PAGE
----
The causal connection implied by the phrase "by reason of" is normally that of proximate causation. Currier v. McKee, 99 Me. 364, 59 A. 442 (1904) (to show injury "by reason of . . . intoxication" it was not necessary to show that the furnishing of the liquor was the proximate cause of the injury, but that the intoxication — the object of the prepositional phrase — was the proximate cause of the injury); Houston T. C.R. Co. v. Anglin, 45 Tex. Civ. App. 41, 99 S.W. 897 (1907), writ of error denied 99 S.W. 897, 45 Tex. Civ. App. 41 (1907) ("by reason of" being the equivalent of "as the direct and proximate result of"). But see Dolph v. Maryland Cas. Co., 303 Mo. 534, 261 S.W. 330 (1924), with which compare the subsequent case Avery v. American Automobile Ins. Co., 350 Mo. 395, 166 S.W.2d 471 (1942). The court in Alabama Great So. R. Co. v. Louisville Nashville R. Co., 127 F. Supp. 363 (N.D.Ala. 1955) aff'd in relevant part, rev'd on other grounds, 224 F.2d 1 (5th Cir. 1955), discussed this question at length. While it agreed that in general "by reason of" was the equivalent of "proximately caused by", citing a large number of cases, 127 F. Supp. at 369 nn. 3-4, the court concluded that the wording of each agreement must be construed from context and found in that case that the ordinarily causal quality of the phrase "by reason of" was vitiated by the addition of the phrase "in whatever manner the same may be caused," and that "by reason of" in that specific instance meant only that the object of the preposition need have some part in, although not necessarily be a proximate cause of, the ultimate loss. In the present instance, of course, there is no such modifying language.

It is clear that the use of the phrase "by reason of liability" in the present case does not include recall and recall-related expenses as covered items but, to the contrary, excludes them. As explained above, "by reason of" requires at least some causal connection between the allegedly covered expense and liability and in most cases would appear to require proximate causation. The recall in the present case was not caused by liability for the seven deaths; it was at best merely related to the seven deaths in that they served as notice to plaintiff that the Tylenol remaining on the shelves was potentially harmful. The recall was thus prompted, if for any related reason, by the possibility of future liability for possible future poisonings and not, as the policy requires, by liability " imposed by law" — which can refer only to previously completed torts — or "assumed under contract" — which refers to settlements and is not applicable here. See Dreis Krump Mfg. Co. v. Phoenix Ins. Co., 548 F.2d 681 (7th Cir. 1977). Indeed, given the deposition testimony of James E. Burke, Chief Executive Officer of Johnson Johnson, that the Tylenol recall was motivated by both moral and business considerations, it came as no surprise when any possibility of the required causal connection between the recall and legal liability was disclaimed by counsel at the December 24, 1985 oral argument before Judge Lacey.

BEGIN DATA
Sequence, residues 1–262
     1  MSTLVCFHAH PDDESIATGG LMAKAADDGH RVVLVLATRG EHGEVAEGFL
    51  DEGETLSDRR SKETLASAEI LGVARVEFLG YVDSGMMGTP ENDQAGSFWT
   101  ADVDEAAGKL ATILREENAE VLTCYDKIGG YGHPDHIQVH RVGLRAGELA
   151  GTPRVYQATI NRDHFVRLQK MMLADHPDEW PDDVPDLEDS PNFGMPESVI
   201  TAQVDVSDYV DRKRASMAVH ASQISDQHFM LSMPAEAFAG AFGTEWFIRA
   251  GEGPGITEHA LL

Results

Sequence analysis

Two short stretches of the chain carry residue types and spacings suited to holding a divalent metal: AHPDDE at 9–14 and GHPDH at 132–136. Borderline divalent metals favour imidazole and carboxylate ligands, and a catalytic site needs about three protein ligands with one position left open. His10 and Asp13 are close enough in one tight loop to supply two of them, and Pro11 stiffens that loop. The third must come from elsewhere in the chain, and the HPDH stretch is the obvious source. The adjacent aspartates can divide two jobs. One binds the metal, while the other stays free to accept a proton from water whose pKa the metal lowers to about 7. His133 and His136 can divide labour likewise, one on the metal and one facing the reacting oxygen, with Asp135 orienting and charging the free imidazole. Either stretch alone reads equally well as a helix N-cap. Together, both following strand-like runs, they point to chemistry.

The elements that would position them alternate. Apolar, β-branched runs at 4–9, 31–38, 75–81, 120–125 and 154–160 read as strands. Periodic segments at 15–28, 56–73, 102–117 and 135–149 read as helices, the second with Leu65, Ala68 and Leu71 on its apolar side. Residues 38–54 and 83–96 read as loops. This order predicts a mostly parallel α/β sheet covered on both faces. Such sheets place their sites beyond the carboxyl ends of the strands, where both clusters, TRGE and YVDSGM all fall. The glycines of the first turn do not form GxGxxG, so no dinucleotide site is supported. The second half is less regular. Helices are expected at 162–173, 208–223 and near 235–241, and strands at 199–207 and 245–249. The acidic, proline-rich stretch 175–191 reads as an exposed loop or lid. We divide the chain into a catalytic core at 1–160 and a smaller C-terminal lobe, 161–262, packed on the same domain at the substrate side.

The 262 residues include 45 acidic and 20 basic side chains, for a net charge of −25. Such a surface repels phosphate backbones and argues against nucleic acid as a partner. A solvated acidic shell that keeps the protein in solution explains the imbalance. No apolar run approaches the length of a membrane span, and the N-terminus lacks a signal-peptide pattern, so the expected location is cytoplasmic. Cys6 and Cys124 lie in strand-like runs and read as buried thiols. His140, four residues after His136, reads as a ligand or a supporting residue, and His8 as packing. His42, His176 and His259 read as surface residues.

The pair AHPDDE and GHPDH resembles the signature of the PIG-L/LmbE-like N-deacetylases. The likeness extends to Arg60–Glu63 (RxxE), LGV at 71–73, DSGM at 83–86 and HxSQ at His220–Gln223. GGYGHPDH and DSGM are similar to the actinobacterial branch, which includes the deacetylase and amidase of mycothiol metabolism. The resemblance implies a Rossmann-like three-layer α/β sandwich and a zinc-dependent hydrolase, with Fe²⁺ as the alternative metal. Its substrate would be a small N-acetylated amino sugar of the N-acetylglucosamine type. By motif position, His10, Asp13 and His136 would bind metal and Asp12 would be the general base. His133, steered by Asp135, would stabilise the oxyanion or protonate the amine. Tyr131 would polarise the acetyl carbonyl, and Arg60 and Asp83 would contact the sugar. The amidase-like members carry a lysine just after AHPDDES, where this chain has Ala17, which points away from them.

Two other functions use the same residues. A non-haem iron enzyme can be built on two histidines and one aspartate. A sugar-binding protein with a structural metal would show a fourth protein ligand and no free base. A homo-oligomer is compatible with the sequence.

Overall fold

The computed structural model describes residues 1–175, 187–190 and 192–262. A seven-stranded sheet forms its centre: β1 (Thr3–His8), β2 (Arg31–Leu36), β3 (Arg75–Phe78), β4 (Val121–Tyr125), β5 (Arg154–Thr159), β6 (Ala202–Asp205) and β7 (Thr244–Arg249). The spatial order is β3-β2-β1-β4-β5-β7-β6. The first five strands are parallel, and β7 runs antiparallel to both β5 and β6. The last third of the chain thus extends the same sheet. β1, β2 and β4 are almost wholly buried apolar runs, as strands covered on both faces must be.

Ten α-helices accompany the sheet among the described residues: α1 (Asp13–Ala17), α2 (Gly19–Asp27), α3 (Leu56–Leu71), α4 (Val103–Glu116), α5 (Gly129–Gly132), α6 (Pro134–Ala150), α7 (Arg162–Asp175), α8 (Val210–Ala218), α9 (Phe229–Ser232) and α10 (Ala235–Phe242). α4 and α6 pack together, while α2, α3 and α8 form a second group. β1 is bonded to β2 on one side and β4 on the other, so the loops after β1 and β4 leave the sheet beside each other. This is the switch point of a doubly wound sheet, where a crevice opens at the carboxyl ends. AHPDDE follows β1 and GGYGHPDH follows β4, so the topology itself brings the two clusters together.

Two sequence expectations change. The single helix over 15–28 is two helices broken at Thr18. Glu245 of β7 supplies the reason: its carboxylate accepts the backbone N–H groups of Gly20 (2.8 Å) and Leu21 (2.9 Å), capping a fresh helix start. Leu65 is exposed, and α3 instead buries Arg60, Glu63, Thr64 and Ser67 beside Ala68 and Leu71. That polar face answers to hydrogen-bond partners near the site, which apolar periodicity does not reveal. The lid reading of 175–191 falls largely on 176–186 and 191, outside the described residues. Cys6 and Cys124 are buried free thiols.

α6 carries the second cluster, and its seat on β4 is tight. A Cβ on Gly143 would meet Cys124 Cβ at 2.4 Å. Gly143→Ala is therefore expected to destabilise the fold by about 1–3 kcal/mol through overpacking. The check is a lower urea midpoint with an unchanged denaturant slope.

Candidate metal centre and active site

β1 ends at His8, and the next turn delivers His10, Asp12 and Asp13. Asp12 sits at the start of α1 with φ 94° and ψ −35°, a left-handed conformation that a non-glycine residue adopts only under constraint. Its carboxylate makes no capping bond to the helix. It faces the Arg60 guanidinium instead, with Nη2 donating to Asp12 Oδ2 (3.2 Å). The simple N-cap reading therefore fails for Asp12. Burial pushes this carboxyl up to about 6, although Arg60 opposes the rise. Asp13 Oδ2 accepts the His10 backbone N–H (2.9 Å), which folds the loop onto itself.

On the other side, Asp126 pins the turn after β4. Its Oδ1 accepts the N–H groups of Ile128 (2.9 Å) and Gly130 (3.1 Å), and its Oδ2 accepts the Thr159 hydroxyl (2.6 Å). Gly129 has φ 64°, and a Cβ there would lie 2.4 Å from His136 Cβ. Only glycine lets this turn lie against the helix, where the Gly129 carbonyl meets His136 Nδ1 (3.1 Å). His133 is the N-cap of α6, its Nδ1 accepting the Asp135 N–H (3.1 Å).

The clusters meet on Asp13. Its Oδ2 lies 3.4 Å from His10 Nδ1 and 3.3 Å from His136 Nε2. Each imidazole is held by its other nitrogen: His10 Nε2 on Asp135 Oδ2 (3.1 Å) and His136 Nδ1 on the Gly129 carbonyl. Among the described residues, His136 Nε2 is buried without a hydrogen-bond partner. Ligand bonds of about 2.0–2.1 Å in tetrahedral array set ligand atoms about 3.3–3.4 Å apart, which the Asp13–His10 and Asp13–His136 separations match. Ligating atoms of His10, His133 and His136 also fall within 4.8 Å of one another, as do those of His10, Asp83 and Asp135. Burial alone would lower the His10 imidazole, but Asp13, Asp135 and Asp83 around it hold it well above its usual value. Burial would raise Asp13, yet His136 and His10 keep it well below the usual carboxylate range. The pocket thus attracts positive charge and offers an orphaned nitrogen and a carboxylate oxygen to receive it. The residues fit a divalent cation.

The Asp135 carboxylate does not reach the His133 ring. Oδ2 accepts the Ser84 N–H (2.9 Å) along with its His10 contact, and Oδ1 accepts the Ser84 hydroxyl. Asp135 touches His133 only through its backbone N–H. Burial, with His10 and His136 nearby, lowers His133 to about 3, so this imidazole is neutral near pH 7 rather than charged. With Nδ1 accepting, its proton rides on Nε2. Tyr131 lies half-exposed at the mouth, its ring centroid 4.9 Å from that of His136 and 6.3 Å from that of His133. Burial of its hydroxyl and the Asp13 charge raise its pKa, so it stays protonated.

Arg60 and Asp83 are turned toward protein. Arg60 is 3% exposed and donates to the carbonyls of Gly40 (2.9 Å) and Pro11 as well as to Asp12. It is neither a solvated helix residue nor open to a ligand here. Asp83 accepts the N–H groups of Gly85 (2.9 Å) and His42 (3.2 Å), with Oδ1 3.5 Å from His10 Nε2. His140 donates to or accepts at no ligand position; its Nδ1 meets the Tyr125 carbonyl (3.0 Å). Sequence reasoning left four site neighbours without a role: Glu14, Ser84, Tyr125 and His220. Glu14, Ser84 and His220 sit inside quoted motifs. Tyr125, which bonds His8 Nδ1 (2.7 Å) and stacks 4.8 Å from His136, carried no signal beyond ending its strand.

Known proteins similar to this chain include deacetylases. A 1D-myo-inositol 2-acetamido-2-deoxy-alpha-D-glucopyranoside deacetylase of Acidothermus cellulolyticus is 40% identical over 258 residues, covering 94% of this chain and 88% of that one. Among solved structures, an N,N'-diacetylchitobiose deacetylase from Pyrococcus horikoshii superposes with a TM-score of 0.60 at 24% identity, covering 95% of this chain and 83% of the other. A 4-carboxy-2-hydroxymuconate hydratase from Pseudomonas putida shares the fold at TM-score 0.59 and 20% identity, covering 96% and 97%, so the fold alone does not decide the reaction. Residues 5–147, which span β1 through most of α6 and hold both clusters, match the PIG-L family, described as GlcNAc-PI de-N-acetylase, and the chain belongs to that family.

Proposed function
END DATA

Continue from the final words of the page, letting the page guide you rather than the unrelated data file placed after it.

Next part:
THE COURT: Well, what catastrophe were you stopping here?

[COUNSEL FOR PLAINTIFF]: Stopping the death of the additional unknown numbers of people.

THE COURT: And that's why you did it?

[COUNSEL]: That is a principal motivating factor for why we did it. That is —

THE COURT: But that doesn't emerge from the submissions, that this was the principal, — are you saying it was the principal factor?

[COUNSEL]: I think it was the principal factor.

(emphasis added) Transcript at 31.

Contrary to plaintiff's assertion that intent in the withdrawal of Tylenol was unimportant, I find that intent, as it relates to the cause for the recall, is crucial. As plaintiff concedes that its withdrawal of Tylenol from the market was caused not by its liability but by its desire to prevent further deaths, to alleviate fear and, less altruistically, to restore Tylenol to its preeminent position, the present coverage language cannot include recall and recall-related expenses. It is not, therefore, necessary to inquire into the much harder case that would have been posed had plaintiff's recall been motivated by a desire to avoid liability in future potential suits although, for reasons stated more fully below, even such a motivation would not have been within the coverage of the policy.

3. Scope of Coverage

Plaintiff asserts next that even if there is no specific language in the coverage provision affording coverage for recall and recall-related expenses, the general language of the policy so provides. Defendants, resting in large part upon the reasoning expressed in Weedo v. Stone-E-Brick, Inc., 81 N.J. 233, 405 A.2d 788 (1979), assert that the policy in question covers only third party claims. As it applies in the present case, Weedo emphasizes the traditional principle of insurance law that ambiguities will not be forced into an insurance policy nor will the words of an insurance policy be artfully construed to include a type of coverage outside the scope and nature of the policy in question.